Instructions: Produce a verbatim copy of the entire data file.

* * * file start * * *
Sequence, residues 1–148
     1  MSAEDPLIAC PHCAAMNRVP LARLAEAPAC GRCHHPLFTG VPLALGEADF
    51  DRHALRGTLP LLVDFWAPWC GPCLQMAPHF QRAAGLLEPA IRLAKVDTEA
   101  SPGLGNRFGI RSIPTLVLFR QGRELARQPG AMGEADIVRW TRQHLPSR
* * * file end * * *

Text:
Sequence, residues 1–148
     1  MSAEDPLIAC PHCAAMNRVP LARLAEAPAC GRCHHPLFTG VPLALGEADF
    51  DRHALRGTLP LLVDFWAPWC GPCLQMAPHF QRAAGLLEPA IRLAKVDTEA
   101  SPGLGNRFGI RSIPTLVLFR QGRELARQPG AMGEADIVRW TRQHLPSR